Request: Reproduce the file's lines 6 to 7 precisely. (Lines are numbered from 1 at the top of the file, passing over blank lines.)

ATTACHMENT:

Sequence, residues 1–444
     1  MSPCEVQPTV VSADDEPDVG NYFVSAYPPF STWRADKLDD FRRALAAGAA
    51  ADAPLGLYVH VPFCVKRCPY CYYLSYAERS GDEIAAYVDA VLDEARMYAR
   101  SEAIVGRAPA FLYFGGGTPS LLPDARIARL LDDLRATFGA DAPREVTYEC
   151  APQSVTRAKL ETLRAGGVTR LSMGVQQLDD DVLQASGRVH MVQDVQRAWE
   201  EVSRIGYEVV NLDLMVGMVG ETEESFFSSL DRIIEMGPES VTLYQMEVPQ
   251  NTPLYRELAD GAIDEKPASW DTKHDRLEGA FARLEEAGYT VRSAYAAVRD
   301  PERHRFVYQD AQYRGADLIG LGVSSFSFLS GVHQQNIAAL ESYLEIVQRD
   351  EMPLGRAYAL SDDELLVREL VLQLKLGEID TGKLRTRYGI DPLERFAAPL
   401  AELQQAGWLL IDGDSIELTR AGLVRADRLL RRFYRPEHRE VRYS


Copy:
   201  EVSRIGYEVV NLDLMVGMVG ETEESFFSSL DRIIEMGPES VTLYQMEVPQ
   251  NTPLYRELAD GAIDEKPASW DTKHDRLEGA FARLEEAGYT VRSAYAAVRD